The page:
The Office of the National Coordinator for Health Information Technology
is not doing enough to ensure data security
in electronic health records, argues a new report
from HHS' Office of Inspector General.
Currently, the ONC deputizes private bodies under its EHR
incentive program to certify records as meeting certain minimum technology standards. Providers can't use noncertified EHR software to attest to meaningful use.
The trouble, the report said, is that while providers may presume that their EHR systems will protect patient data, the procedures used by the certification bodies may not ensure that protection. The report specifically scrutinizes five certification bodies deputized under the ONC's now-defunct temporary program.
Under the temporary program requirements, the certifying bodies were supposed to conduct periodic re-evaluations of certified EHRs to ensure they remained compliant. But of the five certification bodies the report audited, three didn’t have procedures in place to re-evaluate certified EHRs. As a consequence, an EHR that was modified after certification might not comply with federal standards. The report noted this lack of oversight might have far-reaching consequences. For example, an EHR could be modified to encourage upcoding.
The Inspector General’s report also expressed concern that the certification bodies did not have enough training, and that testing procedures approved by the ONC were insufficient. As one serious example, current procedures allow certification bodies to approve EHRs that have a single-character password. User privilege standards were another area of concern.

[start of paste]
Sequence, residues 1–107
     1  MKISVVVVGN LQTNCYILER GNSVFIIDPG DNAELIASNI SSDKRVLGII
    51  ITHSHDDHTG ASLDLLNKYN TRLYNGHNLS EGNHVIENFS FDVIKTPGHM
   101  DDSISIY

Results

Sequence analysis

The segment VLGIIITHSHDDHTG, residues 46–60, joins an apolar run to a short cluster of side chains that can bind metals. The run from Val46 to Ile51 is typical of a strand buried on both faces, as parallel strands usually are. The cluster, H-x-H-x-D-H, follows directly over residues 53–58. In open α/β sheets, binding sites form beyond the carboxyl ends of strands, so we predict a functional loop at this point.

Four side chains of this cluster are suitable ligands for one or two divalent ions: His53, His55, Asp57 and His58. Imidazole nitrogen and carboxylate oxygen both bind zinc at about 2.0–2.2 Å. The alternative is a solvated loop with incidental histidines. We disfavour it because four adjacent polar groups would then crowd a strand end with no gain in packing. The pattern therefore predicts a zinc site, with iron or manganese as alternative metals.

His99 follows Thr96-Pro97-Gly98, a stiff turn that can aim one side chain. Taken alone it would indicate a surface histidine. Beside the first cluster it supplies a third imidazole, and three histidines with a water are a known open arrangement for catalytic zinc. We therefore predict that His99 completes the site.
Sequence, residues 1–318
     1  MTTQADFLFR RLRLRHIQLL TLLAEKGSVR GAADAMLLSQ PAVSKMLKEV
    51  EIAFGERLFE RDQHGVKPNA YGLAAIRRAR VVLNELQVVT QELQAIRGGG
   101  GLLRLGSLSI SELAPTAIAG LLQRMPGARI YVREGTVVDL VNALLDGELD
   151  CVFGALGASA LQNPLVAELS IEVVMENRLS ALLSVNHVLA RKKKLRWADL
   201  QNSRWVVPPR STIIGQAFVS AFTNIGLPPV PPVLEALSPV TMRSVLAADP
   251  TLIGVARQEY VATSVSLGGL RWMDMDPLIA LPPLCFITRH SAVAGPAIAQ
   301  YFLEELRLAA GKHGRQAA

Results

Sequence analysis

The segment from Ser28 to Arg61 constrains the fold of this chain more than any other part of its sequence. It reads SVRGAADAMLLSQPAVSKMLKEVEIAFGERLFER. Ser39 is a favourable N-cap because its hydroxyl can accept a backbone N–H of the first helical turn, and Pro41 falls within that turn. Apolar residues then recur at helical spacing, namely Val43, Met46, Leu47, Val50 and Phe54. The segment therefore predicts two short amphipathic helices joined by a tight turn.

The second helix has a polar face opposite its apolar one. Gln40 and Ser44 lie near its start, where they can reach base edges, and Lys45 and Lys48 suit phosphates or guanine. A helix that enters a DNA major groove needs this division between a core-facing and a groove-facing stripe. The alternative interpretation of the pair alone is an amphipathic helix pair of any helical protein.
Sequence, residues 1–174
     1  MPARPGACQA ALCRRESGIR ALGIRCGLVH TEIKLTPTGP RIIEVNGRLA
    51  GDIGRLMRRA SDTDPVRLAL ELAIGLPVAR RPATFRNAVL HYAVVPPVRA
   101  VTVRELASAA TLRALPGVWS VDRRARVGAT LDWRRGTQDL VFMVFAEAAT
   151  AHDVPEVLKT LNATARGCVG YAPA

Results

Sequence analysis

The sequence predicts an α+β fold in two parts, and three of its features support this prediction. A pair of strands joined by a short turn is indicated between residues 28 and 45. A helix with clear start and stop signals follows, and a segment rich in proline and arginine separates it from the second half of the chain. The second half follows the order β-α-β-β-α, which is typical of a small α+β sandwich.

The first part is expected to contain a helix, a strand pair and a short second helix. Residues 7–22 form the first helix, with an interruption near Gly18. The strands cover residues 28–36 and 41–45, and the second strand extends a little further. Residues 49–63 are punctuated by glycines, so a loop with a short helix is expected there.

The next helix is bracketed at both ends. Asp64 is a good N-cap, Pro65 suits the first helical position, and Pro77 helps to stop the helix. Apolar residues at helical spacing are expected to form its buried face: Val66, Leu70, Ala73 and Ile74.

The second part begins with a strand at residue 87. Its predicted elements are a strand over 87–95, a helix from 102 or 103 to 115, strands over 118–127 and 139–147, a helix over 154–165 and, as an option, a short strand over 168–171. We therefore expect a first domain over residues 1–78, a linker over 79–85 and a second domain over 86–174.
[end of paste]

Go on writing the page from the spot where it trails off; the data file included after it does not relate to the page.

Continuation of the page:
The ONC said it believes the concerns raised by the Inspector General aren’t relevant because they focus on a system created under a temporary program. Since then, the agency has approved a permanent program. That program, the ONC said, has more stringent requirements for EHR evaluation.
But the Inspector General’s office also sees flaws in ONC’s permanent program. Some of its concerns, such as password length or user privileges, still apply for ONC’s 2014 certification criteria, the Inspector General’s office said. The ONC has not “directly address[ed]” its authority to remove an EHR from the certified product list, “absent improper conduct” from a certification body, the OIG report noted. “Therefore, if an EHR is exploited and used to conduct malicious activities, ONC is not able to remove the EHR, even temporarily, from the Product List to prevent further purchases,” the report stated. Follow Darius Tahir on Twitter: @dariustahir